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‘Problem Home,’ Chapter 5: ‘The home can be brought back to its former glory’

After one civil compromise, two criminal trials, two probation violation proceedings, two appeals and one afternoon in jail, Phillip Leland Richardson thought maybe — just maybe — the 15-odd years of code enforcement prosecution by Costa Mesa City Hall were done.

They weren’t.

In May 2013 Richardson’s probation from his earlier criminal conviction ended. By June, the city began its fourth prosecution related to maintenance of his vacant home at 276 E. 19th St., alleging violations similar to those in years past: illegal storage in public view, deteriorating paint, illegal tarps. They posted a violation notice on the front door.

The city says it tried unsuccessfully to contact Richardson throughout the year. Echoing an episode years earlier, violation notices were sent to two wrong people with similar names. Through a city spokesman, a code enforcement officer said he researched similar names as Phillip Leland Richardson’s “in hope for a lead.”


That summer, the city obtained a warrant and forcibly entered the home, which officials contended in court filings was a threat to public health and safety. They assumed, based on the condition of the exterior, the interior was “far worse.”

Warrant in hand, seven people entered the house. What they found, and would later swear to in court filings, attests to a property in disarray: piles of boxes and trash stacked nearly to the ceiling, CDs hung on wires, holes in the ceiling, a sagging roof, inoperable plumbing, broken tiles in the bathtub, grime, spider webs, animal feces, a bees nest.

Officials soon red-tagged 276 E. 19th St., deeming it uninhabitable. The conditions were compared to hoarding. Richardson had moved elsewhere.

In 2013, Costa Mesa officials obtained a search warrant and entered Phillip Richardson’s home. They
In 2013, Costa Mesa officials obtained a search warrant and entered Phillip Richardson’s home. They later attested to hoarding conditions. Richardson contends that the photos are not accurate and were never authenticated in court.
(Courtesy of the city of Costa Mesa)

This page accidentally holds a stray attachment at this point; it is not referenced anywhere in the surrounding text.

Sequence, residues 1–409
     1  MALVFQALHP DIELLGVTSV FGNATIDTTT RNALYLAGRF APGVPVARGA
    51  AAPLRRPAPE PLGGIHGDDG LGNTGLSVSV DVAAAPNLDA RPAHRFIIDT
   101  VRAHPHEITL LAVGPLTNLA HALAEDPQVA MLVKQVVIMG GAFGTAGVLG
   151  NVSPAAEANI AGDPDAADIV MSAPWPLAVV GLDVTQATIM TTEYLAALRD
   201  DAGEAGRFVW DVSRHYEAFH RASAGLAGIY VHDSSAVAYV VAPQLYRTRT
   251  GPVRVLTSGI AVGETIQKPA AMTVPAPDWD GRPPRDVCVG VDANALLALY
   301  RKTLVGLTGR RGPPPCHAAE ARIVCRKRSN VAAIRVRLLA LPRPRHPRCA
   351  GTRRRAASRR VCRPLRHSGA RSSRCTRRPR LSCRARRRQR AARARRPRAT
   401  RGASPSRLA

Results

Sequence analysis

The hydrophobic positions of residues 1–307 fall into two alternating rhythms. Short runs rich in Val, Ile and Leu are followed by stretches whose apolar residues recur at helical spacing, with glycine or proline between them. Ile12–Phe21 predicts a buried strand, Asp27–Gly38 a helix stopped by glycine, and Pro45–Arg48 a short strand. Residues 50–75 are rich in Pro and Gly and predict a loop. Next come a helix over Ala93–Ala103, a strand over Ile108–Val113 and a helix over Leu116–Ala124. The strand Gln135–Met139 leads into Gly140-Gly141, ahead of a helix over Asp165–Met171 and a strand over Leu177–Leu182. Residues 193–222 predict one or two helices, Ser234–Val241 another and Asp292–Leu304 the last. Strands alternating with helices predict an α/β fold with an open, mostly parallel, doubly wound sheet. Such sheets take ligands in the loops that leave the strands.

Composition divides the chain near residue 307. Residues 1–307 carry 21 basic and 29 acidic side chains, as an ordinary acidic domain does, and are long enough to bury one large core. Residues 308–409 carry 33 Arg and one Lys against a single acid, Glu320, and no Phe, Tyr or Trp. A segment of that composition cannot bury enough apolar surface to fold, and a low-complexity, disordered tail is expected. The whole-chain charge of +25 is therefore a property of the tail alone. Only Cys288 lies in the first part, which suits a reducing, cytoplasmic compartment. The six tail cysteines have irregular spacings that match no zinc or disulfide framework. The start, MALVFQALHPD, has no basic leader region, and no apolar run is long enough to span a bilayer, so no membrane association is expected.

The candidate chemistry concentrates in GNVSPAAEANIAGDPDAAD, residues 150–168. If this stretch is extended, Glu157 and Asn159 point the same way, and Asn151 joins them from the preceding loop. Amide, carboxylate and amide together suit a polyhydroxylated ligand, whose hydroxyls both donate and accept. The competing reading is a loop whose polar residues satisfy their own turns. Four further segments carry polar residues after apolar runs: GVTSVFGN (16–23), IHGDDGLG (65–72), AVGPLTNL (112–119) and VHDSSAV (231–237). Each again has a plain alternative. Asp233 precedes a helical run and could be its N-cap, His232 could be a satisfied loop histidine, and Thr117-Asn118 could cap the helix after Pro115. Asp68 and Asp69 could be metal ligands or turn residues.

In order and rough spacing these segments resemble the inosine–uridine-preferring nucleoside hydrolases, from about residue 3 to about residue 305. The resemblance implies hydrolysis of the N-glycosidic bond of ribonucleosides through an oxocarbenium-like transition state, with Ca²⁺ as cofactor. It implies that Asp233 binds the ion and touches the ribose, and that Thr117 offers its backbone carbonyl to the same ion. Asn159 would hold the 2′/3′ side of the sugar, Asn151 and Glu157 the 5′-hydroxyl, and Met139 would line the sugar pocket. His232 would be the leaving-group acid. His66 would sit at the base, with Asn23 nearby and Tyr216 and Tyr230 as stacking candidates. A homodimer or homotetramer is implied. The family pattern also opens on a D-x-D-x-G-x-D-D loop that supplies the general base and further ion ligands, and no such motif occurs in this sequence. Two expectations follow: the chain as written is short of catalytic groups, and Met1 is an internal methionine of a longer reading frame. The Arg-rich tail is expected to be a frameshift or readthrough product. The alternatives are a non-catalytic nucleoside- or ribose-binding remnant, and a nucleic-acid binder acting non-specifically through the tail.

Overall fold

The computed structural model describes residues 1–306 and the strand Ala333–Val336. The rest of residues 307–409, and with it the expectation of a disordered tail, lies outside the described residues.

According to a court filing, some at City Hall believed Richardson was homeless.

Richardson, however, said he has never been homeless. He argues today that the warrant’s approval without his knowledge was a move by the city because it didn’t want to contact him.

Richardson points to previous city records with his contact information, including other Eastside Costa Mesa mailing address.

It’s unclear why the city did not use those records before getting its warrant, although according to a court filing, months after the house was red-tagged, a contracted paralegal called two phone numbers the city had for Richardson but she said they were disconnected.

In fall 2013, the city asked for a receiver to take over the property and bring it up to code. In those filings were the first instances of any Costa Mesa residents claiming in a court record any personal harm caused by Richardson’s property.

One was Frederick Arnold, Richardson’s neighbor across the street since the mid-1970s. He wrote that since the death of Richardson’s wife, Julie, in 2000, the property “deteriorated even further.”

“In my opinion,” Arnold wrote, “the property is a fire hazard, as well as a health hazard.”

Arnold declined to be interviewed for this article.


A missed court hearing, missed signals

The city located Richardson at his other Eastside address in December 2013 by talking to his former neighbors.

At that first contact, according to city records, officers didn’t speak to him about his property. They didn’t talk to him about a recent complaint alleging that rats, presumably from Richardson’s property, were eating through military care packages being assembled in the neighborhood.

Rather, they talked to him about his vehicle, which was “in question.”

Richardson was hand-delivered a stack of court filings at his second Eastside address a few days later. On top of the pile was a notice for a Nov. 18, 2013, hearing about appointing a receiver. It arrived a month late.

Richardson said he initially didn’t feel the matter was urgent, especially considering the records weren’t delivered with the required 72 hours’ notice. So he set it aside and soon left for a family funeral in Northern California. It would be a grave mistake.

On Dec. 18, a Jones & Mayer attorney stood alone in a Santa Ana courtroom, asking a judge to approve Los Angeles-based California Receivership Group to take over Richardson’s property. Permission granted.

Not long after, Michael Richardson contacted his father, lamenting that their old house was mysteriously boarded up and fenced and four vehicles were missing.

The elder Richardson then began to fully realize the extent of the city’s latest enforcement campaign.


In multiple interviews, Richardson and his daughter, Melissa, contested the hoarding allegations, calling the photos of the house’s interior “staged” and made to look worse. Richardson argued the validity of the photos themselves, saying they were never authenticated in court.

“I struggle with living in Costa Mesa because I don’t feel safe here,” Melissa said, pointing to the years of code enforcement efforts on her childhood home. “I honestly don’t know what we did wrong in the eyes of the city to make them want to attack us like this.”